Things to do in Gran Canaria

Things to do in  Gran Canaria

Welcome to Gran Canaria

Gran Canaria, the third largest of Spain’s Canary Islands, is known for its volcanic landscapes, white sand beaches, leafy mountains, and nightlife. Travelers with an appetite for adventure can scuba dive to coral reefs, explore desert dunes on a camel, or trek to Roque Nublo. For culture vultures, walking tours of UNESCO-listed Vegueta (Las Palmas Old Town), and the historical towns of Teror and Arucas are bound to impress, while those seeking rest and relaxation should head for the beach resorts of Maspalomas in the south. Other must-see activities include dolphin and whale watching off the coast of Puerto Rico, and sampling local Spanish cuisine on a food tour.

Top 15 attractions in Gran Canaria

English Beach (Playa del Inglés)

Situated on the southern tip of Gran Canaria, the golden sandy beaches, calm waters, and luxurious resorts of Playa del Inglés are hugely popular with tourists. Aside from sunbathing, windsurfing, and volleyball at the beach, the Playa del Inglés area offers lots of shopping and nightlife, as well as family-friendly attractions such as mini-golf, waterparks, and camel rides.More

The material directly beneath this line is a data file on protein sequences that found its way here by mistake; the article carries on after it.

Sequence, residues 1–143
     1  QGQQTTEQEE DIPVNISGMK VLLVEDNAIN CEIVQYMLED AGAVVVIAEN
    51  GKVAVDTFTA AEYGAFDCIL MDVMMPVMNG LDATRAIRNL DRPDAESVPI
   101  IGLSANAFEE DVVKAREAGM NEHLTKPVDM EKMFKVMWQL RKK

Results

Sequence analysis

Roque Nublo

Roque Nublo (Cloud Rock is a lofty, 262-foot (80-meter rock formation that was formed millions of years ago during a volcanic eruption. Located in Nublo Rural Park (Parque Rural del Nublo, the landmark is the island’s second-highest peak after Pico de la Nieves.More

Bandama Caldera (Caldera de Bandama)

Rising nearly 2,000 feet above sea level, the Bandama Calera is a crater left behind after a major volcanic eruption on Gran Canaria over 5,000 years ago. You can hike at its base, around its rim, or down into the caldera itself to enjoy the impressive natural scenery. Viewpoints, caves, and ponds are all points of interest on its various trails. The lands are part of the Bandama Natural Monument and Tafira Protected Landscape.Because of the rich volcanic soil here, there is rich wildlife and plant life the call the caldera home. Walking around the area feels almost otherworldly. From its lowest point, you are surrounded by the crater walls extending up from its floor. Its highest point Pico de Bandama reaches 569 feet up in the air. The Pico de Bandama peak and its observation center are also worth a visit.More